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Unformatted text preview: 13.2. VECTORS Geometrical Approach to Vectors. The notion vector is used to indicate a quantity (like velocity, acceleration, force) that has a magnitude and a direction . It is represented by an arrow or a directed line segment. The length of the arrow is the magnitude and the arrow points the direction of a vector. We denote the vectors by using boldface letters u, v, a, b, etc. . The zero vector denoted by has length 0 and it the only vector with no specific direction. Each vector has many representatives and the most important from them is the position representative (the position vector) with initial point at the origin. Each representative of a vector that is an arrow has an initial point and a terminal point. Vector addition, sum of vectors. If u and v are vectors positioned as a chain such that the initial point of v is the terminal point of u , then the sum u + v is the vector from the initial point of u to the terminal point of v . Triangular rule, Parallelogram rule to sum vectors Commutative Law of the Summation of Vectors. Given vectors v 1 , v 2 ,..., v n . Then, the sum of these vectors does not depend on the order in which we perform the summation (on the order in which we construct the summation chain). Scalar Multiplication of Vectors. Given a scalar c and a vector v . The scalar multiple of v by c is a vector c v whose length is | c | times the length of v and a direction the same as v if c > 0 and opposite to v if c < 0. If c = 0 or v = then c v = . Difference of Vectors. The difference u- v is defined by u- v = u + (- v ) and this is trivially extended to more vectors. Algebraic Approach to Vectors. We start with a Cartesian planar (two-dimensional) or three-dimensional coordinate system. Given a vector a . Take its position representative (the position vector)--→ OP with initial point at the origin. Then the coordinates of its terminal point P are ( a 1 ,a 2 ) or ( a 1 ,a 2 ,a 3 ), correspondingly. These coordinates are called the COMPONENTS of v and we write: a = h a 1 ,a 2 i ; a = h a 1 ,a 2 ,a 3 i . For vectors we use h a 1 ,a 2 ,a 3 i for vectors not to confuse with coordinate of a point ( a 1 ,a 2 ,a 3 ). Components of a Vector. Given the points A ( x 1 ,y 1 ,z 1 ) and B ( x 2 ,y 2 ,z 2 ). Then the vec- tors v with a representative--→ AB is v = h x 2- x 1 ,y 2- y 1 ,z 2- z 1 i . Note that a vector is completely determined by its components. Why? Magnitude (Length) of a Vector. Given a vector v . Its length is the length of any 1 of its representatives, including the position representative. The length of a planar, two- dimensional vector a = h a 1 ,a 2 i is | a | = q a 2 1 + a 2 2 and the length of a three-dimensional vector a = h a 1 ,a 2 ,a 3 i is | a | = q a 2 1 + a 2 2 + a 2 3 ....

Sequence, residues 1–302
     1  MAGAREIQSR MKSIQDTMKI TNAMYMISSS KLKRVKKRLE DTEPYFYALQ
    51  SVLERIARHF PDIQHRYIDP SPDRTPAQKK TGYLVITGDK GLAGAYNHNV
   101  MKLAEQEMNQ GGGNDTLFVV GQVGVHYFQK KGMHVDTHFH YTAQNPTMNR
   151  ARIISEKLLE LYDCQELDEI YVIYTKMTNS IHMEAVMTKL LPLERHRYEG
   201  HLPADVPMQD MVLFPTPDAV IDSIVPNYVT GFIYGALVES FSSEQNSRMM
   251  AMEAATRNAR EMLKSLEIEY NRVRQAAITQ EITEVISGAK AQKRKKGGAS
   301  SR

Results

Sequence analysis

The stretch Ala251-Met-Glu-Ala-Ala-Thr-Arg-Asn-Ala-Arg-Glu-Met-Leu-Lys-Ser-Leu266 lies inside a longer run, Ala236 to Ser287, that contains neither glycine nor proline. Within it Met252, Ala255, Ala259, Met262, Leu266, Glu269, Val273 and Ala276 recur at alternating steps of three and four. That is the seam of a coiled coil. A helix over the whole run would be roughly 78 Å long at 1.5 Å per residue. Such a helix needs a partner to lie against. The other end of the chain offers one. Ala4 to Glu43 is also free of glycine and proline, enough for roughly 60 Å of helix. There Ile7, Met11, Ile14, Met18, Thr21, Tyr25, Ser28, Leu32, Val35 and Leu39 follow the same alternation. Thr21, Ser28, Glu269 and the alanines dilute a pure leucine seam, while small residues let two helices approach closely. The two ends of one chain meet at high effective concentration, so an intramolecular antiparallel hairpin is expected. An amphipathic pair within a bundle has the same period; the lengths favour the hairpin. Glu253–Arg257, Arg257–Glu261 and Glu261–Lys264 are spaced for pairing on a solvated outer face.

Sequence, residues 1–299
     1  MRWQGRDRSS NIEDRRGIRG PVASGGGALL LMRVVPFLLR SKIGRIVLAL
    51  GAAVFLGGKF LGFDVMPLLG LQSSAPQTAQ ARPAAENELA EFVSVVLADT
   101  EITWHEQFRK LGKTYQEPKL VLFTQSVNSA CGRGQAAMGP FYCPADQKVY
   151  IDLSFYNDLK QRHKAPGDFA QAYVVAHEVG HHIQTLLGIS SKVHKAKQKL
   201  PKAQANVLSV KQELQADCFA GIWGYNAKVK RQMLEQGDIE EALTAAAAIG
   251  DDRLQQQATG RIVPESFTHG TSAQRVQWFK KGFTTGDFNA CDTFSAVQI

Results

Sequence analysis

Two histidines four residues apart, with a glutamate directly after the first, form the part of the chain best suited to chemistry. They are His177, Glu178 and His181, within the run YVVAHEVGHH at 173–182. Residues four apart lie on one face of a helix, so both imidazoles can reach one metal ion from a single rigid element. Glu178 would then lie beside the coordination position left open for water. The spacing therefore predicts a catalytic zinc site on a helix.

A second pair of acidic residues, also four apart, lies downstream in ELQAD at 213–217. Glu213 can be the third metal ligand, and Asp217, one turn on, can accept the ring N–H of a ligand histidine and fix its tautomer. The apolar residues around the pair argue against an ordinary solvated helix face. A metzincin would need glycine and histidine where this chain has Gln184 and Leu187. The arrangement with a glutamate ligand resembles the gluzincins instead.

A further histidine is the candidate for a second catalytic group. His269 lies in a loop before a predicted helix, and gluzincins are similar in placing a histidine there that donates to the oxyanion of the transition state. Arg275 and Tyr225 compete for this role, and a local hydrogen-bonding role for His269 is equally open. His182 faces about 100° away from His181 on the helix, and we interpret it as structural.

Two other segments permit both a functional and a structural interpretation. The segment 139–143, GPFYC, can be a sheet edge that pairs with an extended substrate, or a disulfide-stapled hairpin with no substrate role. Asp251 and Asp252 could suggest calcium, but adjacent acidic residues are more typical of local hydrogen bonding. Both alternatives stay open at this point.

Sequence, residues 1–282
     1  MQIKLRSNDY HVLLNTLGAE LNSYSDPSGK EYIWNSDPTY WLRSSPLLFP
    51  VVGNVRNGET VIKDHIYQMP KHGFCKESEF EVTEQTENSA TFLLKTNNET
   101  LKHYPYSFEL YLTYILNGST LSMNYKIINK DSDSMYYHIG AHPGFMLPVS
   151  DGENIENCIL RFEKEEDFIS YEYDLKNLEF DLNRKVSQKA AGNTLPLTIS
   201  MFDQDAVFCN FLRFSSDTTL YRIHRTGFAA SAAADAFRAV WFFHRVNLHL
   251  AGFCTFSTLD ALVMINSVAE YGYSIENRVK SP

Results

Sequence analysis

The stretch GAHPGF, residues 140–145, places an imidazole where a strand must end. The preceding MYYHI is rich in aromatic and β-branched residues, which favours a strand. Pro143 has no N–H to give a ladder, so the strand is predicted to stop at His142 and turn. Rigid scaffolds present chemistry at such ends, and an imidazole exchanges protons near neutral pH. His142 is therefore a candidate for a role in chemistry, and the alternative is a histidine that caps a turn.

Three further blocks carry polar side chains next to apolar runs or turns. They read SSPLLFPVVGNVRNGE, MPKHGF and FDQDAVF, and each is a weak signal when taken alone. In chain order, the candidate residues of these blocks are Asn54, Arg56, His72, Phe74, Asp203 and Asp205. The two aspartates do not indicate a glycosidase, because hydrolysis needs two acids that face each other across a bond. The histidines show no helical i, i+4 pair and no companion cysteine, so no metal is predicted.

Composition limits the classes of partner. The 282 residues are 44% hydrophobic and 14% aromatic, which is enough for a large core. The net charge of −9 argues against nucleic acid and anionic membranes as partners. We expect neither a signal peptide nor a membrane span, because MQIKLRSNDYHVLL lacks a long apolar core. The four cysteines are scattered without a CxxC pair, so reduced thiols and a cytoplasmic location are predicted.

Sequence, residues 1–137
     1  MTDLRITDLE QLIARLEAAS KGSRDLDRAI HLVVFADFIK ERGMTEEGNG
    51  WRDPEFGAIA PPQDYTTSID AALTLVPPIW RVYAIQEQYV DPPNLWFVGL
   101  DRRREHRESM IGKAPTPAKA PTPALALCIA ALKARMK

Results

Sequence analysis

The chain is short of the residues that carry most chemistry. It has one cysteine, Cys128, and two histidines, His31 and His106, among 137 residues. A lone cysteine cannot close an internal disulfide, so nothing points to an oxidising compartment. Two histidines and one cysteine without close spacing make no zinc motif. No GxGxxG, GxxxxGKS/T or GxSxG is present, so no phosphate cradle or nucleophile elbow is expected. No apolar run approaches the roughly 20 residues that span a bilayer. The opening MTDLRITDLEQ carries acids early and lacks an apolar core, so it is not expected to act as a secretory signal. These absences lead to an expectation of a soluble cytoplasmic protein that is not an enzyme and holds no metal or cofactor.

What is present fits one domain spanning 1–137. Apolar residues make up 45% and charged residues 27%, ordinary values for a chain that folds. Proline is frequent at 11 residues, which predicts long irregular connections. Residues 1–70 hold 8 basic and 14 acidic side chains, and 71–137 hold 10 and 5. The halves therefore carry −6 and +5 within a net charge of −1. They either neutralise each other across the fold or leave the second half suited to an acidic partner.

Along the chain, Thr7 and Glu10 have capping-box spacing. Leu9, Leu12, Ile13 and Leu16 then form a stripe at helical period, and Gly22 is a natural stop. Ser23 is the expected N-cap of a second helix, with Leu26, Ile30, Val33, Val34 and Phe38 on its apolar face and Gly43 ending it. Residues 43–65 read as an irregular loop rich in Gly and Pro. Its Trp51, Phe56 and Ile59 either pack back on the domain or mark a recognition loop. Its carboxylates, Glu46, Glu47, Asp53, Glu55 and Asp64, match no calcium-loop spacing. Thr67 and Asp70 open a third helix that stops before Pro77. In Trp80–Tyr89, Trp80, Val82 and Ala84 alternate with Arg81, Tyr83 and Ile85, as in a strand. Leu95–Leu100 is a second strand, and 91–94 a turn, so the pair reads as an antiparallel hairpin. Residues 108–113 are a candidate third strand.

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This note was uploaded on 02/05/2010 for the course MATH 264 taught by Professor Dr.d.dryanov during the Fall '09 term at Concordia Canada.
- Fall '09